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The Ferryman

Symbolism, Imagery, Allegory

Clap if You Believe in Ferrymen

This coveted job requires six interviews, a designer suit, and your dad’s golf buddy putting a good word. Okay, so we're lying about that.

Being the ferryman requires a desire for enlightenment. Because crossing the river suggests progression toward enlightenment, the ferryman holds an important position in aiding travelers:

Vasudeva rose. "It is late," he said, "let's go to sleep. I can't tell you that other thing, oh friend. You'll learn it, or perhaps you know it already. See, I'm no learned man, I have no special skill in speaking, I also have no special skill in thinking. All I'm able to do is to listen and to be godly, I have learned nothing else. If I was able to say and teach it, I might be a wise man, but like this I am only a ferryman, and it is my task to ferry people across the river. I have transported many, thousands; and to all of them, my river has been nothing but an obstacle on their travels. They traveled to seek money and business, and for weddings, and on pilgrimages, and the river was obstructing their path, and the ferryman's job was to get them quickly across that obstacle. But for some among thousands, a few, four or five, the river has stopped being an obstacle, they have heard its voice, they have listened to it, and the river has become sacred to them, as it has become sacred to me. Let's rest now, Siddhartha." (9.29)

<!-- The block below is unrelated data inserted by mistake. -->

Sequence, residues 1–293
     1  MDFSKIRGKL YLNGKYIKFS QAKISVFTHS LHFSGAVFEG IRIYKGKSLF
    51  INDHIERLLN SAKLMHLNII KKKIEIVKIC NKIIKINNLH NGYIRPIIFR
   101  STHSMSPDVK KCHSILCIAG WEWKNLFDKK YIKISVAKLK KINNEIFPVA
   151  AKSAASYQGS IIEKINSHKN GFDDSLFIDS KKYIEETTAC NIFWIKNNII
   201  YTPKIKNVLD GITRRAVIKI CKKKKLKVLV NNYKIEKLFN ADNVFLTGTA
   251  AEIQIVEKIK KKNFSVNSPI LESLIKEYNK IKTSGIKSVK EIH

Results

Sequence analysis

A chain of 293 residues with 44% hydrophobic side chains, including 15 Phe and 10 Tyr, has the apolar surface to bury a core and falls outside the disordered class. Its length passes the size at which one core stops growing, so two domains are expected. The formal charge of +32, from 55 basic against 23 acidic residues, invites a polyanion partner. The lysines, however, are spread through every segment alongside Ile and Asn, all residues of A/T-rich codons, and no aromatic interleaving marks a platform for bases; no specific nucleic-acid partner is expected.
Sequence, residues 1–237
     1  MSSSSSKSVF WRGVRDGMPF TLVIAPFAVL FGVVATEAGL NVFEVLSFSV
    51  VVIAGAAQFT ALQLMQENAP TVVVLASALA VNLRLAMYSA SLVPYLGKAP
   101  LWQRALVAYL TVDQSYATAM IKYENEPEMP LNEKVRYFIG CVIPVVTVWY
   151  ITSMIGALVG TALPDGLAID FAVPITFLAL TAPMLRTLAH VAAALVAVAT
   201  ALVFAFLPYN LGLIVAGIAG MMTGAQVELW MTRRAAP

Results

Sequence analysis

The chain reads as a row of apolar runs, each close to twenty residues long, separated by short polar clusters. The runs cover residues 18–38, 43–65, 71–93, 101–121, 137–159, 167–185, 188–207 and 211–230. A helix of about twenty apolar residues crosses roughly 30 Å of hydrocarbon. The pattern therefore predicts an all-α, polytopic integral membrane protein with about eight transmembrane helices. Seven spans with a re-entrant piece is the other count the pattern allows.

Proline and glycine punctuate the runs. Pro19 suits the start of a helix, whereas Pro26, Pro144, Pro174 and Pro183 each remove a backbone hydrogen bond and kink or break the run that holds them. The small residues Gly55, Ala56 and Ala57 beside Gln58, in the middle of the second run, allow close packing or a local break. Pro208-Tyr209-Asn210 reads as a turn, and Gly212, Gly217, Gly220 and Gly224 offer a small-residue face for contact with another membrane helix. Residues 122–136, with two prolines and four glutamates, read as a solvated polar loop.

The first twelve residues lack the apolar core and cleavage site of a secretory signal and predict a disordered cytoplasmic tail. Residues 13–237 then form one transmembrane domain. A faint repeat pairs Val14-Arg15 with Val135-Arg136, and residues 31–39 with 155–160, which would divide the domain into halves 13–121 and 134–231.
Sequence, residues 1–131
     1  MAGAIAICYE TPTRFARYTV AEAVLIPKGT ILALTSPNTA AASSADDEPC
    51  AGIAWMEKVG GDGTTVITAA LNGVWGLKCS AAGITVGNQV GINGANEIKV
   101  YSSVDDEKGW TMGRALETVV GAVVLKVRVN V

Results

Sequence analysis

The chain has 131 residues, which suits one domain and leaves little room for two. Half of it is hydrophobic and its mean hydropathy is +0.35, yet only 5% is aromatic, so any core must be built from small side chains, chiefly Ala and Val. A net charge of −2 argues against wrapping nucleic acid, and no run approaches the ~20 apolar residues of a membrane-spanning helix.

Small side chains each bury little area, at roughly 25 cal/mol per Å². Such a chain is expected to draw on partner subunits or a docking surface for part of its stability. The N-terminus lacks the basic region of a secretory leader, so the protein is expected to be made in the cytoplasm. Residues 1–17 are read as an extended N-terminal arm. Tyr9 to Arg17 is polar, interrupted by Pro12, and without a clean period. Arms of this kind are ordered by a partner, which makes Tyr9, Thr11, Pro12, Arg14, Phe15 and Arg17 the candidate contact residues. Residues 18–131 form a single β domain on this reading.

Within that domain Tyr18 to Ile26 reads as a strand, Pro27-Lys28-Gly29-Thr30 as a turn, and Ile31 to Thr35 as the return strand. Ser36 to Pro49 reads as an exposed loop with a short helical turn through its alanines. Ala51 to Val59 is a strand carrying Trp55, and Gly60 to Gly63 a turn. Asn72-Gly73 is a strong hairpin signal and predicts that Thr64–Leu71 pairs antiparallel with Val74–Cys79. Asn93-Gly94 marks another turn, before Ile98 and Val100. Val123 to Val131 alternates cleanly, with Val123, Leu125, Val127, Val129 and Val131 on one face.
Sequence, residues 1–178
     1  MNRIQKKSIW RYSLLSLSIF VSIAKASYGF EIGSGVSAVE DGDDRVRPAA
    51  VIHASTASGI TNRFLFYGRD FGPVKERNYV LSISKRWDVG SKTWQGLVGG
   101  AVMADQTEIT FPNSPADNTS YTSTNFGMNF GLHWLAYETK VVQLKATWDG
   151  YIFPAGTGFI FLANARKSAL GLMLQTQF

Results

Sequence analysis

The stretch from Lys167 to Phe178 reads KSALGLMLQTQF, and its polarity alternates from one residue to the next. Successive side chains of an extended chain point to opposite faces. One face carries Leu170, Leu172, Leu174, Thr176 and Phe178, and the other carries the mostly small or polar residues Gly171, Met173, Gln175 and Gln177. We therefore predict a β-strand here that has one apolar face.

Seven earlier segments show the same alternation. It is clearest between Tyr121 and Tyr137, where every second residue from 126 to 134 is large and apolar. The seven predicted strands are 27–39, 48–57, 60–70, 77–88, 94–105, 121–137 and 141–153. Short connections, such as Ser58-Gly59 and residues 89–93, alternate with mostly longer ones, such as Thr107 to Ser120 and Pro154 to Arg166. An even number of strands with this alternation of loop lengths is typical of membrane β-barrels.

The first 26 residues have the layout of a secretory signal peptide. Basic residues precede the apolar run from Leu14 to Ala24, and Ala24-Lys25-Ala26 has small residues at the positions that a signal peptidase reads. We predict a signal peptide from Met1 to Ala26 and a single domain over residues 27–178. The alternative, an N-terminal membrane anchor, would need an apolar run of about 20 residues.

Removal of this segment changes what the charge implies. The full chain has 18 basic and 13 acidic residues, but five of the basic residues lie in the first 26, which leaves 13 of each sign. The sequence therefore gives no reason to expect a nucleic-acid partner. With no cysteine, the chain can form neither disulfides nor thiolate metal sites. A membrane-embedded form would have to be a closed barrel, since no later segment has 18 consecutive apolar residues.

Once Vasudeva passes into Nirvana, Siddhartha takes on the job of ferrying passengers. Shortly thereafter, he literally ferries Govinda across the river and symbolically ferries him to enlightenment.

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